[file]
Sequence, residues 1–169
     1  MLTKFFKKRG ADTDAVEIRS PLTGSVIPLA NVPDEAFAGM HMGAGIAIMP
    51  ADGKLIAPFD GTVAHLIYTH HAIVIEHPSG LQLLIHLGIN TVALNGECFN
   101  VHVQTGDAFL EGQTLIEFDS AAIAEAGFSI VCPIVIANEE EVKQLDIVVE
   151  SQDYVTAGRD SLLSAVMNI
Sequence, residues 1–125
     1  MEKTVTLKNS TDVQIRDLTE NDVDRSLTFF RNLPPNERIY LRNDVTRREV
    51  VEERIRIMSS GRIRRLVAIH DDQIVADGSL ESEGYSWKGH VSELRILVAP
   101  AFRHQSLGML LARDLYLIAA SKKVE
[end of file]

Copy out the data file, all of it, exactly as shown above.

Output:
Sequence, residues 1–169
     1  MLTKFFKKRG ADTDAVEIRS PLTGSVIPLA NVPDEAFAGM HMGAGIAIMP
    51  ADGKLIAPFD GTVAHLIYTH HAIVIEHPSG LQLLIHLGIN TVALNGECFN
   101  VHVQTGDAFL EGQTLIEFDS AAIAEAGFSI VCPIVIANEE EVKQLDIVVE
   151  SQDYVTAGRD SLLSAVMNI
Sequence, residues 1–125
     1  MEKTVTLKNS TDVQIRDLTE NDVDRSLTFF RNLPPNERIY LRNDVTRREV
    51  VEERIRIMSS GRIRRLVAIH DDQIVADGSL ESEGYSWKGH VSELRILVAP
   101  AFRHQSLGML LARDLYLIAA SKKVE